"The Book of Tea" is a description of the history, underlying philosophy, and aesthetics of the Japanese tea ceremony. It is also, and more importantly, a book about how to live a meaningful life. It is about nature and simplicity, about art and beauty, about the unfathomable depth in the small things in life that surround us. In this edition of "The Book of Tea," the author, Kakuzo Okakura, writes:
"The way of tea is founded on a love of what is beautiful in our common everyday lives. It teaches purity and harmony, mutual respect, and the importance of nature and the individual. It is essentially a worship of the imperfect. It is an attempt to accomplish something possible in this impossible world of ours."
Part of the "Classics Retold to be Read, Not just Revered" series, the aim of this retelling of "The Book of Tea" is to make the book more widely accessible -- without diluting its intellectual content -- for both young and emerging adults seeking broader perspectives as well as intellectually curious older readers. The book will be of particular interest to those who want a deeper insight into the tea ceremony, flower arrangement, and Japanese aesthetics. The text is set in a slightly larger typeface for easier reading.
Kakuzo Okakura (1863-1913), was born in Yokohama five years before the outset of the Meiji period, which marked the end of over 200 years of national isolation and the beginning of Japan's headlong rush to transform itself into a military and industrial power that could resist Western incursions and colonization. Yokohama was a boisterous international port, and Okakura's father, a samurai stationed there for business reasons, was a progressive thinker, who started Okakura learning English at the age of six. Okakura's most important works, including "The Book of Tea" (1906), were written in English, and devoted to explaining and defending Japanese and Asian culture.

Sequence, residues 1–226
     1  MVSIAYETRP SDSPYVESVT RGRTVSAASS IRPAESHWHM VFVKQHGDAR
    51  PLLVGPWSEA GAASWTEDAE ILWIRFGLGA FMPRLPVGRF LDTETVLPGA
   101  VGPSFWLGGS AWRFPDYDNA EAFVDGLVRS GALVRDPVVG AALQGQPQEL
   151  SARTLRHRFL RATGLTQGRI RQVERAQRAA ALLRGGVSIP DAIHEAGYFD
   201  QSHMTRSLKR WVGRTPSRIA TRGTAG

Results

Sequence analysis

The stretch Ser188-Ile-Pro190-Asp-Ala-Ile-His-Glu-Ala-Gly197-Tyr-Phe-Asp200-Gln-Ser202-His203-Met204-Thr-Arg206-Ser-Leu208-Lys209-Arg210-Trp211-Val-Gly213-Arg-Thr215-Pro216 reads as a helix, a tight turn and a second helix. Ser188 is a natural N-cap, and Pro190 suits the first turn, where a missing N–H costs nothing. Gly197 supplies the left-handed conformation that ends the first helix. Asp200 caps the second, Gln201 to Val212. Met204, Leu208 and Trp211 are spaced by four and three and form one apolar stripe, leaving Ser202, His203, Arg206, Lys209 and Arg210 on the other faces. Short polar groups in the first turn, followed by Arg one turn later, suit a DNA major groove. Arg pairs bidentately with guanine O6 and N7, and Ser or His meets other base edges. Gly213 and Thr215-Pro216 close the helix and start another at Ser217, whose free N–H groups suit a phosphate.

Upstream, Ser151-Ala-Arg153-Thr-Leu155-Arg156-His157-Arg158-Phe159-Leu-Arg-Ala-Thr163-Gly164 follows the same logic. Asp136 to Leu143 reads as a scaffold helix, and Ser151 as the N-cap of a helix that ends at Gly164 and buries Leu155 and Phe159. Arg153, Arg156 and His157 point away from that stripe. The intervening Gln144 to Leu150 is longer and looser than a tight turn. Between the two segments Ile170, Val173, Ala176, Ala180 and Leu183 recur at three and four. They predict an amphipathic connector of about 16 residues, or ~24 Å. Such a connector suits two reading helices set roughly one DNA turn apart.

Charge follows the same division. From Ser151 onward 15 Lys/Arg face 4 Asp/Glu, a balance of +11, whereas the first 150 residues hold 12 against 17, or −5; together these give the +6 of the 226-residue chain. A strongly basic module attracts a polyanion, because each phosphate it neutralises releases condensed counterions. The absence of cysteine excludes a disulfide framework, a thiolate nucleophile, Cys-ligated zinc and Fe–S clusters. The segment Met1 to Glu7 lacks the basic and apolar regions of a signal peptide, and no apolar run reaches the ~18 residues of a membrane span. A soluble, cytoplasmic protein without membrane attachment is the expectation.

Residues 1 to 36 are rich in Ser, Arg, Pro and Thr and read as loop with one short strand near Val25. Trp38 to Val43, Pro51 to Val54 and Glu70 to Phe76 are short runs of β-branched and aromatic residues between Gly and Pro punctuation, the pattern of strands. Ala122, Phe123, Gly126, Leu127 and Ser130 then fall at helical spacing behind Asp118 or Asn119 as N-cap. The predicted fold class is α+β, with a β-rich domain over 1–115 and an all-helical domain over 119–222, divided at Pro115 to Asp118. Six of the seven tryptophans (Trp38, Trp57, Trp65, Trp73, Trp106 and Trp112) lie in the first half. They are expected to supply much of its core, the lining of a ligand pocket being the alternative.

The era in which Okakura lived was characterized by Western inroads into Asian countries. The West, thanks to the industrial revolution, was materially and militarily superior to the East, and considered itself to be culturally superior as well. Through heroic effort, Japan built up its industry and military, and when it emerged victorious from the Russo-Japanese War in 1905, it became the first non-Western country to achieve international recognition by Western powers.
Okakura, however, was not concerned with this type of recognition. He wanted recognition for Japanese and Eastern arts and culture, and he felt the need to preserve them from increasing Westernization. In 1887 he was one of the founders of the first Japanese fine arts academy, and in 1898 he helped found the Japanese Institute of Fine Arts. In 1904 he was invited to the Boston Museum of Fine Arts as a curator, and in 1910 he became the first head of the Asian art division of that Museum. He died in 1913 at the age of fifty, having devoted his life to preserving Japan's traditional cultural heritage. Important figures influenced by Okakura include the German philosopher Martin Heidegger, the American poet Ezra Pound, the Indian poet Rabindranth Tagore, the American art collector Isabella Stewart Gardner, and the British translator Arthur Waley.